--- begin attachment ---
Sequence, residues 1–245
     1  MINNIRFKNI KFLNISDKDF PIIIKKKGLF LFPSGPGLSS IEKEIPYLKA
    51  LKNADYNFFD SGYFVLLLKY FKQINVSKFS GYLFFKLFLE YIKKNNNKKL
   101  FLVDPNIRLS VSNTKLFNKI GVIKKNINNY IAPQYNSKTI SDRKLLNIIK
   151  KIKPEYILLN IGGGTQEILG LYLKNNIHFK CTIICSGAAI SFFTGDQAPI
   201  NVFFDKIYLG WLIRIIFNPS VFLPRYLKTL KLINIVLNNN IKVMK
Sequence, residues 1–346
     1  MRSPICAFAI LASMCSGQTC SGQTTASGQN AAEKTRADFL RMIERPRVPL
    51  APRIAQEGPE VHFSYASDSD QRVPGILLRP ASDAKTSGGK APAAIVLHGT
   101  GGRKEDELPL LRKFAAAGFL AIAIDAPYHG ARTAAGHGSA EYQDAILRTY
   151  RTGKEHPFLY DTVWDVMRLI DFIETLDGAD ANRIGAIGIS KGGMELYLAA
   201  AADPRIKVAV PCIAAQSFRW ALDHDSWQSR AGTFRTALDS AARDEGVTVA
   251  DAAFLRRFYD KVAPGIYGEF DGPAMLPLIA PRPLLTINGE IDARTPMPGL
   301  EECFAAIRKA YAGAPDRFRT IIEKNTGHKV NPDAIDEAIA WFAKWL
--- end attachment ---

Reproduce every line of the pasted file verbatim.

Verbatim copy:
Sequence, residues 1–245
     1  MINNIRFKNI KFLNISDKDF PIIIKKKGLF LFPSGPGLSS IEKEIPYLKA
    51  LKNADYNFFD SGYFVLLLKY FKQINVSKFS GYLFFKLFLE YIKKNNNKKL
   101  FLVDPNIRLS VSNTKLFNKI GVIKKNINNY IAPQYNSKTI SDRKLLNIIK
   151  KIKPEYILLN IGGGTQEILG LYLKNNIHFK CTIICSGAAI SFFTGDQAPI
   201  NVFFDKIYLG WLIRIIFNPS VFLPRYLKTL KLINIVLNNN IKVMK
Sequence, residues 1–346
     1  MRSPICAFAI LASMCSGQTC SGQTTASGQN AAEKTRADFL RMIERPRVPL
    51  APRIAQEGPE VHFSYASDSD QRVPGILLRP ASDAKTSGGK APAAIVLHGT
   101  GGRKEDELPL LRKFAAAGFL AIAIDAPYHG ARTAAGHGSA EYQDAILRTY
   151  RTGKEHPFLY DTVWDVMRLI DFIETLDGAD ANRIGAIGIS KGGMELYLAA
   201  AADPRIKVAV PCIAAQSFRW ALDHDSWQSR AGTFRTALDS AARDEGVTVA
   251  DAAFLRRFYD KVAPGIYGEF DGPAMLPLIA PRPLLTINGE IDARTPMPGL
   301  EECFAAIRKA YAGAPDRFRT IIEKNTGHKV NPDAIDEAIA WFAKWL